The Petroleum Commission says it has initiated moves to scale up capacity of indigenous Ghanaian oil and gas companies to address critical knowledge gap areas which adversely affected the realisation of the expectation of the local content and local participation regulations in the oil industry.
According the Commission, there are challenges and limitations of indigenous Ghanaian companies participation in the country’s oil and gas industry and consequently said only a fraction of spend by the IOCs and major service companies takes place in the country.
The Chief Executive Officer (CEO), Egbert Faibille have described the situation as very worrying and disappointing at a workshop organized by Petroleum Commission in collaboration with the Tullow Ghana Limited on business ethics and compliance aimed at developing a robust local content in the upstream oil and gas sector in the country in a sustainable and transparent manner and explained that the resources that finances these spend are not only owned by Ghanaians but are also depletable.
In addition, the workshop will enhance the core mandate of the Commission and its stakeholders to add value to their good governance practises, ethics compliance and transparency in the upstream oil and gas sector.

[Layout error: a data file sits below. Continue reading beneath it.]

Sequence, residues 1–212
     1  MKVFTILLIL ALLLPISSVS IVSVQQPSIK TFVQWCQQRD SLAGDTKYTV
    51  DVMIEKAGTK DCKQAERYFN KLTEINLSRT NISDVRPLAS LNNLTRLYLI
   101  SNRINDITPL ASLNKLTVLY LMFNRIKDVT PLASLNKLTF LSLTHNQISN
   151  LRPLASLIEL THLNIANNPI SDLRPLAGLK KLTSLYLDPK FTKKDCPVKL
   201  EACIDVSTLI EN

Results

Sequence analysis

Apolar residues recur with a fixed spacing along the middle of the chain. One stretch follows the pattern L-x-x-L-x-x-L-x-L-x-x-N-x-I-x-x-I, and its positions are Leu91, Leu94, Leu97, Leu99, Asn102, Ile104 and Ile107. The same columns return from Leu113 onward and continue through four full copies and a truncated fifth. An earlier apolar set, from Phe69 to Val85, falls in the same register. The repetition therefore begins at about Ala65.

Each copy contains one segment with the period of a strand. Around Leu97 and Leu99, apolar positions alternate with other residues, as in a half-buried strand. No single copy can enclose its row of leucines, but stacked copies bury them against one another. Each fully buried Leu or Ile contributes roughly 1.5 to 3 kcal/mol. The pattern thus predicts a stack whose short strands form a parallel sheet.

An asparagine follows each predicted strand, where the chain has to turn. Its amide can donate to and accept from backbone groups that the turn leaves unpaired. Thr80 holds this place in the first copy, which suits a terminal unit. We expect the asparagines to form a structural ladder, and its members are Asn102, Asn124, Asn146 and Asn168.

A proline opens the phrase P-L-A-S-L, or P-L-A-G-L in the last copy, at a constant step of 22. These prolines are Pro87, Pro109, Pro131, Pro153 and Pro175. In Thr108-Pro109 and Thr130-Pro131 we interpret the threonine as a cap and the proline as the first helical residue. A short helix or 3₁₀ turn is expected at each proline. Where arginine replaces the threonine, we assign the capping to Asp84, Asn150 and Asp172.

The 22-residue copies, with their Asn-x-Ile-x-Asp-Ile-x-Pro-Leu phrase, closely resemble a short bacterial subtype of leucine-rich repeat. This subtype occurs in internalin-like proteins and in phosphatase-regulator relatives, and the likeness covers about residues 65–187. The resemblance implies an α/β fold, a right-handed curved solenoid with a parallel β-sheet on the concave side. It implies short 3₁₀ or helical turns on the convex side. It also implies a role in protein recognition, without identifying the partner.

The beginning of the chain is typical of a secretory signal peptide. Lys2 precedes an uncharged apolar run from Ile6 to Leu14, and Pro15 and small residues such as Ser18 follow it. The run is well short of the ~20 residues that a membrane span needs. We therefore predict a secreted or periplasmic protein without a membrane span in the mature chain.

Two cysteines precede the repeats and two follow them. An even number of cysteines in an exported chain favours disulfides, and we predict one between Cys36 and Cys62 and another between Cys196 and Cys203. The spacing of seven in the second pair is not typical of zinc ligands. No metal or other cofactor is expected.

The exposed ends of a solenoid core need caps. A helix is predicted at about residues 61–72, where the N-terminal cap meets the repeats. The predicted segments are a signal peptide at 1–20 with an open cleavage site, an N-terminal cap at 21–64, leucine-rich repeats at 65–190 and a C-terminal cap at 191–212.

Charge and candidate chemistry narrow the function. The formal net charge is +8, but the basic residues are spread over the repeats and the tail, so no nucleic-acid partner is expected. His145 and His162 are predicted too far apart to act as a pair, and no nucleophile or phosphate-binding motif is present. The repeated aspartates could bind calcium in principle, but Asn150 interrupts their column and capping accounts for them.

He said assessment of the impact of the Petroleum (Local Content and Local Participation) Regulations, 2013, (LI 2204) after its implementation over a 6 years period have indicated that there are challenges facing local companies in the oil and gas industry.
It is as a result of the emerging challenges that Board of the in the year 2018 instituted a Business Advisory and Enterprise Development Department to provide business advisory support to build the capacity of indigenous Ghanaian companies in the said sector to meet the requirements of the oil and gas industry”, he stressed.
Throwing more light in business ethics and compliance in the oil and gas industry, Mr. Faibille said it plays a significant role in making contract award decisions as some indigenous companies are unable to meet the expectation as the Commission is putting in place pragmatic measures to identify ways of overcoming the challenges as well as blocking loopholes particularly in the areas of bribery and corrupt practises.
On COVID-19 pandemic and its attendant impact on the oil and gas sector of the economy, the CEO said training programmes of the Commission for the year 2020 did not materialize due to the pandemic and as a result the Commission have decided to go virtual in organizing the said programmes.
In a remark, the Managing Director of Tullow Ghana Limited, Wissam Almonthiry said when ethics and compliance are properly applied in the oil and gas industry players in the sector will be equipped with the relevant knowledge and work in line with global best practices in the industry.
According to him, the collaboration between the Commission and Tullow Gh Ltd will discuss and share knowledge and also build capacities in the upstream oil and gas industry adding that such initiatives will spearhead maximum value from the Jubilee and TEN oil fields under the Ghana Value Maximization Plan (GVMP) and pointed that properly, the plan will see a further $4 billion investment in Tullow’s Ghana operations over the next (10) years.
Source: Ben LARYEA